Recommendation: TO THE AMERICAN WATERWAYS OPERATORS: Inform your members of the circumstances of this accident and the need for towing vessels that transport hazardous materials to carry direct-reading air monitoring equipment, so that crews can identify combustible or explosive atmospheres, oxygen deficiency, and toxic substances that may present risk of serious injury.
Original recommendation transmittal letter: PDF
Overall Status: Open - Acceptable Response
Mode: Marine
Location: Galveston, TX, United States
Is Reiterated: No
Is Hazmat: No
Is NPRM: No
Accident #: DCA14FM008
Accident Reports: Collision between Bulk Carrier Summer Wind and the Miss Susan Tow
Report #: MAR-15-01
Accident Date: 3/22/2014
Issue Date: 6/18/2015
Date Closed:
Addressee(s) and Addressee Status: American Waterways Operators (Open - Acceptable Response)
Keyword(s): Hazmat

Safety Recommendation History
From: NTSB
To: American Waterways Operators
Date: 11/23/2015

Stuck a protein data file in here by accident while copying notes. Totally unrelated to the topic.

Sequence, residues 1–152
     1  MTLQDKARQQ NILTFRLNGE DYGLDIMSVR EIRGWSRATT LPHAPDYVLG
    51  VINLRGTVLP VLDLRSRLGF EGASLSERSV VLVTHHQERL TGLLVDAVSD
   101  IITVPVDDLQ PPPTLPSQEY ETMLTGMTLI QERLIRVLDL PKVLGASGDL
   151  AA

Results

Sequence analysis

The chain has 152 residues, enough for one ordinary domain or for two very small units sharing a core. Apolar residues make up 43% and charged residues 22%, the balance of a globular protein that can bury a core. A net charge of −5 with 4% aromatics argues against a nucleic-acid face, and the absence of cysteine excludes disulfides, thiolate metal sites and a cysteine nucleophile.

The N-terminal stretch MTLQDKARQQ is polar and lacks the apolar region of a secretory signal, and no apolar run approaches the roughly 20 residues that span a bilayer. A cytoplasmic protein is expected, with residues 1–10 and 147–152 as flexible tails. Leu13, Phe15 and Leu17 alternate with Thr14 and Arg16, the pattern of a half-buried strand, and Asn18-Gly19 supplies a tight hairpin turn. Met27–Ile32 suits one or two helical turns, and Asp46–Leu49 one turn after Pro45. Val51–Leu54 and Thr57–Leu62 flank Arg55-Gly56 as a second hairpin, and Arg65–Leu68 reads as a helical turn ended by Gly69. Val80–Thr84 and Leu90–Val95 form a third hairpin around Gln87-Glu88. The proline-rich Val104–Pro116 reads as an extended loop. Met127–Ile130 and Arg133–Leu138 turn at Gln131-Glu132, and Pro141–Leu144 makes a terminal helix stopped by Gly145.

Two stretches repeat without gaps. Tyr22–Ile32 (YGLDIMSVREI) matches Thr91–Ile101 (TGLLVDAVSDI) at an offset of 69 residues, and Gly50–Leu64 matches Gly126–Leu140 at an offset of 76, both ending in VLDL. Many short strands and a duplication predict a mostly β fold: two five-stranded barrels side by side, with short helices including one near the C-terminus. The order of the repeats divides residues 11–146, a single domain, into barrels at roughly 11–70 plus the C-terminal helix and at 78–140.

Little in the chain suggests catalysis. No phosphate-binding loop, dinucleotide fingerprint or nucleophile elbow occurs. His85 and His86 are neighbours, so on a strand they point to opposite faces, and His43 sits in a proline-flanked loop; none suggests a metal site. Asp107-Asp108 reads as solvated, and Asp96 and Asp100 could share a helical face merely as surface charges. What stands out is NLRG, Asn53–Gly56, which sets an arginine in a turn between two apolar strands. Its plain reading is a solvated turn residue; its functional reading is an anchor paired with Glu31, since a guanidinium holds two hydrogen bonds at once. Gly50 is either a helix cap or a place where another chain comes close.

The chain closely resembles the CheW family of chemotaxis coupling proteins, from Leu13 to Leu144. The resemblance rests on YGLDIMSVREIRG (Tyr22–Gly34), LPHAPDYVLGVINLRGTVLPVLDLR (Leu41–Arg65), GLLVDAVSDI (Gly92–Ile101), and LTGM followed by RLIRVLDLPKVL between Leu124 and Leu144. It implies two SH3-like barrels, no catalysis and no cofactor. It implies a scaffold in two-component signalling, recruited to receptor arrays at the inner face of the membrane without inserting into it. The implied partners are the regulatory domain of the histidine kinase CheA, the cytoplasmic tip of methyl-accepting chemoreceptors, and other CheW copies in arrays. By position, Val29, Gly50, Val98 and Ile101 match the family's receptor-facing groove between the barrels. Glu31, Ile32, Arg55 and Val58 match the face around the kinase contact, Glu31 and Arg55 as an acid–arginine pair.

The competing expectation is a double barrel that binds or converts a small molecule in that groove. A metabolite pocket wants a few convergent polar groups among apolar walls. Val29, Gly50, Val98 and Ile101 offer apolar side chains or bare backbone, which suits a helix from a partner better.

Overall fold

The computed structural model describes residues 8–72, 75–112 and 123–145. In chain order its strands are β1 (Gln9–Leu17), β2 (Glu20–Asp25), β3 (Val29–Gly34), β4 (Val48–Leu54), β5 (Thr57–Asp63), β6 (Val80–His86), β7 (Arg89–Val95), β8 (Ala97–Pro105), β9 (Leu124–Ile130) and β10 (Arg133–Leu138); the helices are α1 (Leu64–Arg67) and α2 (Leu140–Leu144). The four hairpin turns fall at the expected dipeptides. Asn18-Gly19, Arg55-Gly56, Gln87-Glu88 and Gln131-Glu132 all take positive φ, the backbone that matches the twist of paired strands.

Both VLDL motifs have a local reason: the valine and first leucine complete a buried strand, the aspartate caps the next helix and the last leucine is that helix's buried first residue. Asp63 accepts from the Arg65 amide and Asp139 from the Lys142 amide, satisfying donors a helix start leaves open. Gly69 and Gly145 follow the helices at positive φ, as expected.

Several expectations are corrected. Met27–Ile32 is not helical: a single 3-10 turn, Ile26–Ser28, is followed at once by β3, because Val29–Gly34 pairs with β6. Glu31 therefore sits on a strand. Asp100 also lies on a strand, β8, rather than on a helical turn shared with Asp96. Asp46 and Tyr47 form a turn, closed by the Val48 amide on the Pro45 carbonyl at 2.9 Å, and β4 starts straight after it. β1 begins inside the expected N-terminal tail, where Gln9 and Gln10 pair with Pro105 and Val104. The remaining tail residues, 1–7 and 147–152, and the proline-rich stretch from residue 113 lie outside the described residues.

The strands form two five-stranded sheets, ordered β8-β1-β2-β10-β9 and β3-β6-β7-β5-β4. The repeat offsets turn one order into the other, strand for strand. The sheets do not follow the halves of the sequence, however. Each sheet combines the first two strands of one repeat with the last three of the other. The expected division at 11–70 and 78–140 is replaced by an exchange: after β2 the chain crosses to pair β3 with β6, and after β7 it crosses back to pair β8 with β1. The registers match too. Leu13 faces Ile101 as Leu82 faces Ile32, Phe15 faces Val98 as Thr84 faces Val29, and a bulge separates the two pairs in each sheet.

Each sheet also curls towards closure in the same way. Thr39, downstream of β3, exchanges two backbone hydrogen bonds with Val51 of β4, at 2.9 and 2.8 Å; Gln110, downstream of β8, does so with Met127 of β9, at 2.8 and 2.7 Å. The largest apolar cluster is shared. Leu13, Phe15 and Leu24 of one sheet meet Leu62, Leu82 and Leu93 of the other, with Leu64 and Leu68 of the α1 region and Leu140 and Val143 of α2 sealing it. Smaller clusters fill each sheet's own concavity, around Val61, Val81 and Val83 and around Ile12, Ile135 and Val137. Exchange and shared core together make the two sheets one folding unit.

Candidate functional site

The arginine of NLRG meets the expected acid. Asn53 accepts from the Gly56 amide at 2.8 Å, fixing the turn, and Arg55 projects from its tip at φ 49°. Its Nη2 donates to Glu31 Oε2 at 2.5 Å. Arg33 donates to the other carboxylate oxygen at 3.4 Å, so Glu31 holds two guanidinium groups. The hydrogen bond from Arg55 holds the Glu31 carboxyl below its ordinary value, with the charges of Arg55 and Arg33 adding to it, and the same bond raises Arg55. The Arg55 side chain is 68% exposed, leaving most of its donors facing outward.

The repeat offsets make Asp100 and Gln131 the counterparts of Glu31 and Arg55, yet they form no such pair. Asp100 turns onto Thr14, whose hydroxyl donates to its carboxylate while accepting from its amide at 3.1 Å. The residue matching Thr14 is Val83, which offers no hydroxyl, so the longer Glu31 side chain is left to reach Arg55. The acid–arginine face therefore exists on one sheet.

Response: We are pleased to learn that, on September 24, 2015, you issued a note to your membership advising them of Safety Recommendation M-15-4. We understand that you plan to convene a working group to determine whether the carriage and utilization of direct-reading air monitoring equipment is feasible or appropriate for towing vessel crewmembers. Because you indicated that you wish to include NTSB staff in these deliberations, please contact Captain Morgan Turrell or Mr. Michael Brown. Pending completion of your efforts, Safety Recommendation M-15-4 is classified OPEN—ACCEPTABLE RESPONSE.

From: American Waterways Operators